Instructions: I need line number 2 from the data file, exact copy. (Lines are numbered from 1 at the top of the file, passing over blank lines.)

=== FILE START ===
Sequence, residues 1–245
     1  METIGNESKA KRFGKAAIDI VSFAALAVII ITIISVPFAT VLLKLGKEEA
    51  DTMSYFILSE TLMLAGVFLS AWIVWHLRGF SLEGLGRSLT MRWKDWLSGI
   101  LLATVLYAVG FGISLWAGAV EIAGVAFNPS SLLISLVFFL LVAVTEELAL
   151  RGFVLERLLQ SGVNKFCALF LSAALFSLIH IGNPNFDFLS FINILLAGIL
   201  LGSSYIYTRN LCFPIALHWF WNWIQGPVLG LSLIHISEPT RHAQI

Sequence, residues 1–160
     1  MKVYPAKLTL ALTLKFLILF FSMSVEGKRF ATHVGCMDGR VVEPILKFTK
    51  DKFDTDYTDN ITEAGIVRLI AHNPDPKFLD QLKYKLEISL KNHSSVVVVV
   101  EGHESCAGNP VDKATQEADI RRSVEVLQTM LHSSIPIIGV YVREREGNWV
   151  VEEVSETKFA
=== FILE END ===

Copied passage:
     1  METIGNESKA KRFGKAAIDI VSFAALAVII ITIISVPFAT VLLKLGKEEA